thews, G. M. Miller, M. P. Miller,
tin. G. P. Mix, F. M. Mix, Newton, Nan
kervis, Neidig, H. H. Orland, C. J.
Orland,
Peterson,
Sanders, Sholes.
Stewart, Steele, Dr. H. J. Smith, Cal
Smith, Snoddy, Stanton, Thomson,
Thatcher, Thompson, Truitt, Veatch,
I Vincent, von Ende, Wallace, Whittier,
Wodsa
Oversmith, Patten. Parsons,
Richards, C.
Shields.
Richardson,
Simpson.
Willis, Wilson, Williamson,
dalek, Wright, Woolley, Witter. Zum
| hof.
j The Mesdames Byrns. Campbell,
Misses Anderson. Ashton, Bau
| er Bynls Burns. Brown. Bowers,
chapman, Chubbuck, Dermott, French,
Gllnd«uun Gabo, Goethala. Hawks
^ JggJJte! Senna. Moore,
A]oore ' Mo ,. ga n, 'Newman, Nusbaum,
Pove y,' Parsons, Plummer Winifred
Plummer, P^hardson, Foro. Riclrard
^ J 11 ^ vàrîce. Wegmann, Wilkni
i son. Willis, York. Ziese.
j' T 'i ie Messrs. Burbridge. Barber,
Cherpillod, Clements, Denneck, Dari
Hurlburt Johnson, Kerren, Keane,
Bindley Lipps, Marler. McCrea. Moe,
Me«.
Ne - ettig Richmon d. Scott, Samp
1 " Sutherland Smith, Staples, Still
ing g r Taylor, Thompson. Thometz,
Wright.
-~
Soldiers Get Extra Pay.
discharged soldiers are to be
$60, being two
pay. This is "grand and glorious
news" to the boys who h&ve been or
will be discharged from the service.
E C. Boom, of Moscow, who is as
sociated with A. L. Morgan, and is
himself a discharged soldier with a
personal interest in the matter, has
written to Washington to ascertain
the full details of procedure to get
this extra money. When he gets this
information it will be published in
this paper and Mr. Boom says he will
gladly help any bther soldier to. get
his extra pay. He requests all who
have been discharged to consult with
him and arrange for cooperative ac
tion in getting the money which the
department has announced will
given
war
be given to them.
Bs
Land Deal on Potlatch.
R. B. Parks closed a deal this week
whereby he came into possession of
the Munsterman farm on Potlatch
ridge. It is a splendid piece of land
and nearly every foot under cultiva
tion. The consideration was $35,000.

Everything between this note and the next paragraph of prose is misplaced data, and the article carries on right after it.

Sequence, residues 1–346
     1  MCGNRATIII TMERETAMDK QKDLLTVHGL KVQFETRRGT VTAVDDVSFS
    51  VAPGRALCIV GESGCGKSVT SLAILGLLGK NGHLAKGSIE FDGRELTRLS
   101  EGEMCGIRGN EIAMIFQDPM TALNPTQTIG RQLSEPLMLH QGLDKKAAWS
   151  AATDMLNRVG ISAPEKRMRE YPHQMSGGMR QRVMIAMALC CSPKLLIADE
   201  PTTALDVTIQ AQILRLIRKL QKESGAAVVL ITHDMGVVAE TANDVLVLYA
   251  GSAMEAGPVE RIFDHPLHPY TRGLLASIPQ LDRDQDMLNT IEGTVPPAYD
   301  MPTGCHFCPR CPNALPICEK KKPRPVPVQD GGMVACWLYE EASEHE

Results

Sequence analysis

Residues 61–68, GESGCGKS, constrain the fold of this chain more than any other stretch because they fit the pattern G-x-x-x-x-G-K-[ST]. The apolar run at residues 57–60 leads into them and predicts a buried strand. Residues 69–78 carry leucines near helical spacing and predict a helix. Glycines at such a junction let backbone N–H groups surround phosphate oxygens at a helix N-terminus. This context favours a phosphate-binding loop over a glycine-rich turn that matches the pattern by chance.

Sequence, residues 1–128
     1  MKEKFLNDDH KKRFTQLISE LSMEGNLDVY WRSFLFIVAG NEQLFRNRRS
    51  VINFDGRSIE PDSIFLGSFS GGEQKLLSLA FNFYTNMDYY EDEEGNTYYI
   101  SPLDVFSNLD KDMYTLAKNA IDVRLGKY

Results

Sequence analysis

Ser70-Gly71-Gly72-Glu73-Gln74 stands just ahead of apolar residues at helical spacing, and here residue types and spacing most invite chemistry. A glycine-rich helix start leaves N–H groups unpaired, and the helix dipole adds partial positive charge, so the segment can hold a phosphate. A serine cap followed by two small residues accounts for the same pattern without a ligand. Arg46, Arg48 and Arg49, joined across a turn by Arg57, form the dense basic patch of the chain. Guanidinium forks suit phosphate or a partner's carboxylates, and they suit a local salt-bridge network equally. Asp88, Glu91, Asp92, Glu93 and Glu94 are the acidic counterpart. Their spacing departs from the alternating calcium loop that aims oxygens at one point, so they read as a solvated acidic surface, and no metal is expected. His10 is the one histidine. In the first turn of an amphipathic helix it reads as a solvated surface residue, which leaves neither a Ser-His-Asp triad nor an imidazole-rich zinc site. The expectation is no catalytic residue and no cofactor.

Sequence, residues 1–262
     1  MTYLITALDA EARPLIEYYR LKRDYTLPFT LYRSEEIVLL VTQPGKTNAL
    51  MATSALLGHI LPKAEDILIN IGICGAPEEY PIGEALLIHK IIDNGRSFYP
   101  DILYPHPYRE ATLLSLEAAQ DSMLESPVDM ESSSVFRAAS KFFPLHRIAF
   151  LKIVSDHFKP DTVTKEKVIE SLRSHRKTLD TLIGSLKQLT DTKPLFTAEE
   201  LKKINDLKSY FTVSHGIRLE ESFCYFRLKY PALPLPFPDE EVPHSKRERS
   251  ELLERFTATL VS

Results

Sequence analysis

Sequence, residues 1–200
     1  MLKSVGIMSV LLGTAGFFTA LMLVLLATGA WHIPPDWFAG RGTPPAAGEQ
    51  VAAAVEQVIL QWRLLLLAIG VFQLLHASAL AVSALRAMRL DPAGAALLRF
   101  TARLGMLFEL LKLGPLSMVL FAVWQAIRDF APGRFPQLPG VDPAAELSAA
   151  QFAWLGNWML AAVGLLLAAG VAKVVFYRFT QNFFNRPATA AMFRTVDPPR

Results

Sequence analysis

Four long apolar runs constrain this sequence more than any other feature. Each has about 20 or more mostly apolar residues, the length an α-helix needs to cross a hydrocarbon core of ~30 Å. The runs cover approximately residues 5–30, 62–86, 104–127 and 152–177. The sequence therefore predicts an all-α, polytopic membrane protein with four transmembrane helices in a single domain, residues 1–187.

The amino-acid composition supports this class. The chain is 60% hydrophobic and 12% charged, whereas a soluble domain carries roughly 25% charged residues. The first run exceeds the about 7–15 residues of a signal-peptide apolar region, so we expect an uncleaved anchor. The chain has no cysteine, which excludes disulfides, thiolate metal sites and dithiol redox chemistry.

Mr. Parks also sold 160 acres of the
240 acre farm on which he now lives,
to William Bond. He will give pos
session of the farm to Mr. Bond and
will take possession of his newly pur
chased place next fall. -I* endrick
Gazette.
SPOKANE.—Junking of the entire
Spokane and Inland Empire railway
system, all traction and interurban
lines with the possible exception of
the Coeur d'Alene division, is in pros
pect unless the people of Spokane and
the Inland Empire give the company
their whole-hearted financial and
moral support.
yesterday's Chronicle by Traffic Man
ager Waldo G. Paine that the 12 city
traction lines of the company might
be abandoned if the streetcar merger
failed. Receiver Fred E. Conners of
the Inland today added that the whole
of the company's property might be
torn up in order to pay the bondhold
ers without further losses.
Inland Division Losing.
"The Inland division of the rail
road, which consists of the branches
to Moscow, Idaho, and Colfax, Wash.,
is costing even more than the Spo
kane city lines," he said, "and the resi
dents of these sections are not giving
the S. & I. E. their undivided support.
Proposed boycotts op the city street
cars, if the contemplated fare increase
from five to seven cents is put
through, have indicated that this will
give little relief on the city lines,
at least for the present.